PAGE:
27 November 2015

Mark Pattison (1)

If you want an unbelievably amusing read ... a thoroughly unintentionally amusing read ... I commend the autobiography ("Memoirs of an Oxford Don") of Blessed John Henry's contemporary at Oxford, Mark Pattison, later Rector of Lincoln College in this University. At one time a fervent High Churchman and admirer of Newman, he did not follow Newman into Full Communion; instead, he ended up slipping into what looks like the most liberal kind of Deism.

He is one of the most delightfully and naively self-opinionated fools, fools prejudiced (for example) against women and papists, known to History. Most ludicrously comic are his accounts of those whose theological convictions moved in a direction opposite to his own. Here he is writing about a female relative: "This girl early developed a masculine understanding. It was a dominant and urgent element in her constitution ... ... speculative ability ... ... perseverance in learning ... ... she taught herself Latin, Greek (which seems incredible), Italian, German, Mathematics ... ... command over the range of history, ancient and modern, that I have never known in anybody since ... ... I have known some of the wittiest, the ablest, and the best read men of my time [of course you have, Mark, of course you have], but I do not exaggerate when I say that this woman at about thirty-five was a match in power and extent of knowledge for any of them ... we corresponded upon books, upon everything we thought or read, from as early a period as I remember, she leading and I following ... "

Sadly, however, and, to poor Pattison, incomprehensibly, the girl became a papist ("her perversion preceded that of Newman")! Pattison's account of this wonderfully admirable bluestocking concludes with these hilarious two sentences: "[She and her mother] lived about a great deal in Italy, etc., afterwards, and had every opportunity of seeing the seamy side of practical Catholicism; but my cousin saw it not. Can such a wreck of a noble intellect by religious fanaticism be paralleled?"
More fun later.


Sixupman said...

My day has been lightened!

UnanimousConsent said...


Why do you read this blog if you dislike the author? Strangeness.

eulogos said...


The "other" in this case is long deceased, and so not going to feel any sting from Fr. Hunwicke's remarks.

Do you really think "believe differently from you" is an adequate characterization of Pattison's blind ethnocentric prejudice? Because his reaction certainly was not based on theology. It was about those swarthy, greasy, ignorant, superstitious, overemotional, loud, Italians. And about Bloody Mary, the Spanish Armada, Guy Fawkes, and the entire false view of the English Reformation he had absorbed since infancy, in which the light of the Reformation and the Gospel broke on the darkness of superstition.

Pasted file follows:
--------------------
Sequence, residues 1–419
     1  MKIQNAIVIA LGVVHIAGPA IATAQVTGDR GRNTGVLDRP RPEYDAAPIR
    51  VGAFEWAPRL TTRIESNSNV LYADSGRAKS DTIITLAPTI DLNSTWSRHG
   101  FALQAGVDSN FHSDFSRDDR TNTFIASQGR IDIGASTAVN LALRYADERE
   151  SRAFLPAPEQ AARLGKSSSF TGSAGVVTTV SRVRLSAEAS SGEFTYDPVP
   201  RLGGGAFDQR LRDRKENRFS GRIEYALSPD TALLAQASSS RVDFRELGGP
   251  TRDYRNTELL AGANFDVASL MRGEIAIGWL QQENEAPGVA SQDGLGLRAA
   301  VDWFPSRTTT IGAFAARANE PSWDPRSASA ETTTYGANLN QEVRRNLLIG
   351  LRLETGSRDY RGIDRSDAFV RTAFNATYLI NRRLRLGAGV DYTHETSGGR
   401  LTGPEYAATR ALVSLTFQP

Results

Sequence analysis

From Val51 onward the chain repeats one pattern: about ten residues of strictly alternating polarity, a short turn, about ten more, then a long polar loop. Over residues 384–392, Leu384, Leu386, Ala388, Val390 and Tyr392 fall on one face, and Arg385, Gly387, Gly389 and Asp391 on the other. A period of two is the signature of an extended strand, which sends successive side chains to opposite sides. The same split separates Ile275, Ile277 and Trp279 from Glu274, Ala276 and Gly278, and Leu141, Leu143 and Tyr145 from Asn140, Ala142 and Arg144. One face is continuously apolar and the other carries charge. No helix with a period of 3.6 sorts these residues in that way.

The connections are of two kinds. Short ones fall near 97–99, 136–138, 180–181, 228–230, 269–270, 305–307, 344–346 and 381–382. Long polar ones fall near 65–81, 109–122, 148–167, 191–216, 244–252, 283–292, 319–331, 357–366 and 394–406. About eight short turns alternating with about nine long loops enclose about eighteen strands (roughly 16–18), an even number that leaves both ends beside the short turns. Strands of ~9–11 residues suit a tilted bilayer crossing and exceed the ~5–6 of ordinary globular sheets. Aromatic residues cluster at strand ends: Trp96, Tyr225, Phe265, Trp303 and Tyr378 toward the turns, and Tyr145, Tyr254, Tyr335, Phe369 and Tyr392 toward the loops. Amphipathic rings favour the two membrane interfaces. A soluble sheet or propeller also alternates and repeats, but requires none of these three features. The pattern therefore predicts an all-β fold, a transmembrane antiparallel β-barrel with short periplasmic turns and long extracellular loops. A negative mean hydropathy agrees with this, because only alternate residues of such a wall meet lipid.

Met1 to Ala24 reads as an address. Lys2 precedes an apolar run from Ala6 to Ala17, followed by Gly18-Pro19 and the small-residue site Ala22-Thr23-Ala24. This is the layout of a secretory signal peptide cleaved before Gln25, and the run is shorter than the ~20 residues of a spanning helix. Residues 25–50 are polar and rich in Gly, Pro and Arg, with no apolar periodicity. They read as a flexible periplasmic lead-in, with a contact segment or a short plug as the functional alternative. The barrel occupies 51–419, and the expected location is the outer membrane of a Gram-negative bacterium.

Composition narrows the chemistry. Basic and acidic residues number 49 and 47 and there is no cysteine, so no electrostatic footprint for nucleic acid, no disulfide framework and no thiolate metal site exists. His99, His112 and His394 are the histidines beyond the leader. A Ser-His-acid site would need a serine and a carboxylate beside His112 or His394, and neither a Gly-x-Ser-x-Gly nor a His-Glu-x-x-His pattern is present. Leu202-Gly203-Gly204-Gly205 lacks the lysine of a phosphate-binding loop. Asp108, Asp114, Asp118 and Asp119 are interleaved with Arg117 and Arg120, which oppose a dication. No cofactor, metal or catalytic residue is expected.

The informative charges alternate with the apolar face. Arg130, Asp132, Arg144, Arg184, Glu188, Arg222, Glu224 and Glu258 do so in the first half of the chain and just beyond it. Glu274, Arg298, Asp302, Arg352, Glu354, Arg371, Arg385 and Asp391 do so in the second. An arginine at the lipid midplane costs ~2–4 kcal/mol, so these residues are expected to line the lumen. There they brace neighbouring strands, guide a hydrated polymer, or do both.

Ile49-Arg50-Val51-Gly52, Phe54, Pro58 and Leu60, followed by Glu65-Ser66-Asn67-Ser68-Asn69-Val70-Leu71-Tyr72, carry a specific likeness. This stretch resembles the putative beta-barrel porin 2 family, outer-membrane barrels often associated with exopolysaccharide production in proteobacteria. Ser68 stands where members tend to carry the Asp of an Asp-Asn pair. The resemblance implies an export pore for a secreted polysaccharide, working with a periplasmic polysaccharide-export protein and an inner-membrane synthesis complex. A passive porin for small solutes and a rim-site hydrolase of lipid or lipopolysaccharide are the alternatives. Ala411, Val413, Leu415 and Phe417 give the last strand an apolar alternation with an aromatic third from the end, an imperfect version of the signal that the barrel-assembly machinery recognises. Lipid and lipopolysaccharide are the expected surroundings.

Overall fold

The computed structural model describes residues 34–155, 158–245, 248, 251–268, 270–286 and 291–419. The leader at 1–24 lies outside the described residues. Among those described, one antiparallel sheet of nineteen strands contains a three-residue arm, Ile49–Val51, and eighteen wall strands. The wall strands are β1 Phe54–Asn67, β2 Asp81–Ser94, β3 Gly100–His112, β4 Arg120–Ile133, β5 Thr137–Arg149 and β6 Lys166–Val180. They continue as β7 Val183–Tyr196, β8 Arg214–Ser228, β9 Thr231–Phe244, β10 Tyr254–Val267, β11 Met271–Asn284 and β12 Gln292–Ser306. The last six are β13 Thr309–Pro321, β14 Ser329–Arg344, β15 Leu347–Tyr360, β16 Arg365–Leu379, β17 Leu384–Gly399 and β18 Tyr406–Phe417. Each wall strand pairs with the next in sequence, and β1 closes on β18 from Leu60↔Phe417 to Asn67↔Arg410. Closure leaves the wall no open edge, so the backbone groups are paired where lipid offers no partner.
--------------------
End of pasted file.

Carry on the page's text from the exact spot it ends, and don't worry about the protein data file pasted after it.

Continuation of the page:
When someone is so ensconced in such a prejudice, one which is fading and which we can now see through, taking some relish in how foolish he now looks is really a reasonable reaction. And however God has judged the man, our merriment cannot hurt him now.

Susan Peterson

William Tighe said...

What "UnanimousConsent" wrote - and, besides, stupid notions deserve mockery (as do obsessive trolls like "Savonarola").

Banshee said...

I have to say that Father is being very kind to "Memoirs of an Oxford Don." I have to say that I had previously run across it, was shocked, and found it to have some very nasty things to say about some objectively great people of history (whom the author had been lucky enough to have known).

So if Father can kindly class it as the work of an educated fool, rather than of a nasty, envious piece of work, he's nicer than I am.

Michael Leahy said...

'More fun later'? Please do bother.

Melinda said...

His entry in _Let Don's Delight_ is one of my favorites (after Johnson's), but I had been unable to discover much that was enlightening about the fellow in wikipedia. I am looking forward to the next installments!

Anonymous said...

To me it sounds similar in spirit (mutatis mutandis) to the bigotry and ignorance of much of the aggressively secular atheism around today, especially as slavishly spouted by comedians and celebs who are evidently not that bright themselves. There is a smug assumption that their view of the world is the only possible one for anyone to come to when critical thinking is engaged, although what they are really doing is uncritically embracing the the prejudices of the day - the 'catechism' of the popular media. Such people are always shocked and amazed to come across someone of reasonable intelligence, or at least someone who has thought about things in a critical way, who is still a convinced Catholic. They find it a little easier to accept a liberal who thinks that Catholic doctrine is really just an elaborate mythology which can be constantly reinterpreted according to 'modern values', and they often trying to get one to admit that this is really what one thinks about things. They see that at least as a half-way house towards 'honest' atheism. But the realisation that someone can be a thoughtful and well read yet orthodox Catholic who actually takes all those ancient doctrines literally and who sincerely engages in childish devotions alongside the ignorant and superstitious masses is both incomprehensible and not a little frightening to them.